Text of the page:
20. Michael Eisen
    Posted February 4, 2012 at 2:21 pm | Permalink

    Ian, you’re being uncharacteristically narrowminded.

    First of all, PLoS waivers are automatic. We use a small surplus from people who can afford to pay to subsidize the ~10% of authors who say they can not. The entire costs of the system of publishing, review, etc… should be treated by funding agencies as a cost of research. And these subsidies are one way of doing that.

    But the salient point is that ALL publishers employ the same business model – which is to charge granting agencies and research institutions a fee to publish papers. The difference between traditional publishers and OA publishers is how the money is delivered and what the customer gets out of the process. Traditional publishing collects subscriptions and delivers content to a narrow audience, OA publishing collects upfront fees and delivers content to the entire world. Either way the system is subsidizing your publications. What matters is the value proposition – what the scientific community and the public get in return. Focusing on details of the mechanics of how the money is transfered while ignoring this bigger picture is, quite frankly, an abdication of responsibility to the people who fund your salary, research and facilities.

  21. Michael Eisen
    Posted February 4, 2012 at 2:31 pm | Permalink

    CPP. I don’t want people getting shitcanned abritrarily. But this crappy system exists because people are afraid to take it on. And I think this fear derives as much from a destructively self-fulfilling common wisdom that from hard evidence of the actual effects of shunning glamour mags.

    Of course I’d love to see this transition take place without anyone having to risk anything. If funding agencies and universities had any stones at all, they’d mandate open access, redo the way jobs, grants and tenure are reviewed, and all would be good. I don’t think this would be nearly as hard as they pretend it would be.

    But, this isn’t happening, and it needs to be catalyzed. So I DO think people need to be willing to take some risks sometimes to make things better. Do you really think people should do ANYTHING to protect their jobs, no matter how stupid and destructive to the greater good it might be?

  22. Posted February 4, 2012 at 3:17 pm | Permalink

    But, this isn’t happening, and it needs to be catalyzed. So I DO think people need to be willing to take some risks sometimes to make things better. Do you really think people should do ANYTHING to protect their jobs, no matter how stupid and destructive to the greater good it might be?

    Of course not. My point is that those of us with tenured or otherwise secure positions are the ones who should be manning the barricades on this, not some poor fucken grad student, post-doc, or assistant professor trying to survive and make it to the next level.

    And the way that we do this is not by telling one of these poor fuckes not to send their beautiful work to a particular prominent journal for political reasons. Rather, we fight tooth and nail on hiring, tenure/promotion, and grant review committees against the abdication of responsibility for judging the importance and interest of particular lines of research to non-scientist editors at legacy “high-impact” journals.

    Do away with the stranglehold that non-OA journals have on “high impact” (other than PLoS Biology), and OA will flourish. Yes, one way to achieve this would be a widely-subscribed “boycott”, but I cannot in good conscience engage my trainees in a boycott when my colleagues down the hall and across town are not. Another way–and one that doesn’t require martyrs to the cause–is to change the metrics by which we judge the importance and interest of a scientist’s output.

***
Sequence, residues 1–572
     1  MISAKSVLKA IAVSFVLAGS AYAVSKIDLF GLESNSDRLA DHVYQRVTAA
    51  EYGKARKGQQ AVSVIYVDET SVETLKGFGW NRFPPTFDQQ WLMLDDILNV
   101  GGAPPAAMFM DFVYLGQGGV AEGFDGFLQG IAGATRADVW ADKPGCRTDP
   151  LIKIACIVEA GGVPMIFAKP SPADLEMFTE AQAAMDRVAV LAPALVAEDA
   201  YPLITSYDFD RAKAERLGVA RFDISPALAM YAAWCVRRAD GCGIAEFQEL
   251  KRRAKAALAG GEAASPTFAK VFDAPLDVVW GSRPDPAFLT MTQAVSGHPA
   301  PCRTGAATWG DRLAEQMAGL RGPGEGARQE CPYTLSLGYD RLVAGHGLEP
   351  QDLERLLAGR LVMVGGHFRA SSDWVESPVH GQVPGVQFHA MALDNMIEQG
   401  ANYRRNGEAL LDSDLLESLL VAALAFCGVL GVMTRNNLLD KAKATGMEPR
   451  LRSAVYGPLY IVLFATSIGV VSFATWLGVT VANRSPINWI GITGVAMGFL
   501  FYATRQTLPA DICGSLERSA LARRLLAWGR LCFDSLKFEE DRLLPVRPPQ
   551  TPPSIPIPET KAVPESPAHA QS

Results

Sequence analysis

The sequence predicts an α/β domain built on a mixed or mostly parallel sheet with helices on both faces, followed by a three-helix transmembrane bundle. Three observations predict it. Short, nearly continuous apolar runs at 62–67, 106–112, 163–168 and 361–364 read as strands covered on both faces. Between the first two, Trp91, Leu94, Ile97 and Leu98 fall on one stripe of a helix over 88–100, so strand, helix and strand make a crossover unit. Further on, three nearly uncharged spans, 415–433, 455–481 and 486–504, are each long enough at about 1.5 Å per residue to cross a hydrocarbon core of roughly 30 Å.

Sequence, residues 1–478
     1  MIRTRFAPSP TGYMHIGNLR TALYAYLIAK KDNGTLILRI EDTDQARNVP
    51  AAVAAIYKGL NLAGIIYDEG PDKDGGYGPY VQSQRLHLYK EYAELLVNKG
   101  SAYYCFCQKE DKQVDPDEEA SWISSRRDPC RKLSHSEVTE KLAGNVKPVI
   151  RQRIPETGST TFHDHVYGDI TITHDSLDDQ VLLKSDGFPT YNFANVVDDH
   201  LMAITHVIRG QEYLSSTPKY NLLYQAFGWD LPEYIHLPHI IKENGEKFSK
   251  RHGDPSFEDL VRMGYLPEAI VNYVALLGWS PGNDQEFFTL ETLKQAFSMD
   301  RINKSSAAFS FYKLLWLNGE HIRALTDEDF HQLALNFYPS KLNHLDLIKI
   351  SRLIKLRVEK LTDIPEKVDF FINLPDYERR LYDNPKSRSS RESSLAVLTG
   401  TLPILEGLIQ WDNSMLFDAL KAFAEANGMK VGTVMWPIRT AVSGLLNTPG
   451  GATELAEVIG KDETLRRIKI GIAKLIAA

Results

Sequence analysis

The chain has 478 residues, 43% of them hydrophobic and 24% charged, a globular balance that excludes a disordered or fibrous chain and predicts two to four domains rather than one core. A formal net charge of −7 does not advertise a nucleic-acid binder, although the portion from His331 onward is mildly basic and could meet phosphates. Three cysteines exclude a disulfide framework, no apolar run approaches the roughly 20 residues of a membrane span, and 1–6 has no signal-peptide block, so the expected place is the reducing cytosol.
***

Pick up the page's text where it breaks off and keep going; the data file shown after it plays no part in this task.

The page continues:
23. Posted February 4, 2012 at 7:14 pm | Permalink

    Five of the last seven people who’ve gone on to TT or equivalent jobs from my postdoctoral lab had *zero* S/N/C papers when they got their current jobs. Six of those seven had no S/N/C papers from their postdoc. My first postdoc who hit the job market got a great job and already has a well-funded lab, again with no S/N/C papers. Our institution has hired – and tenured – a bunch of people recently, without S/N/C papers, or with no recent S/N/C papers. And we’re all getting funded, training people, and publishing good science. And we’re not alone. It’s not at all difficult to list people at top-tier places like UCSF, Cal, and various Ivies, who got hired and/or promoted without assistance from Cell or Nature. Yes, those papers absolutely can help you to get a foot in the door. But the notion that there ‘s no other way is consummate bullshit.

  24. Posted February 4, 2012 at 10:15 pm | Permalink

    If PLoS OA fee waivers are automatic (and you intend them to remain so) then your business model is the honor system. Good luck with that, but you’ll need a bit more evidence to persuade me to join your revolution & prohibit all the competition. I am not being narrowminded, I am simply pointing out that (waivers aside) I currently have two options: subsidize my readers, or don’t. You’re saying that subsidizing my readers should be mandatory, because my readers are all paid from the same source as I am, and if I don’t set a good example by subsidizing them, I’m being cowardly and narrowminded. IMO, there are *multiple* failures of logic in that chain. I’m totally in favor of NIH paying all my OA fees and not deducting them as line items from my budget, but until that utopia arrives, I am going to have to be OA only as long the waiver process at OA journals is, indeed, automatic.

  25. Michael Eisen
    Posted February 4, 2012 at 10:19 pm | Permalink

    So we’re good then. We keep the waivers, you publish in PLoS. Everything else is hypothetical.

  26. Posted February 5, 2012 at 12:56 am | Permalink

    Thinking about it. How about a free T-shirt too?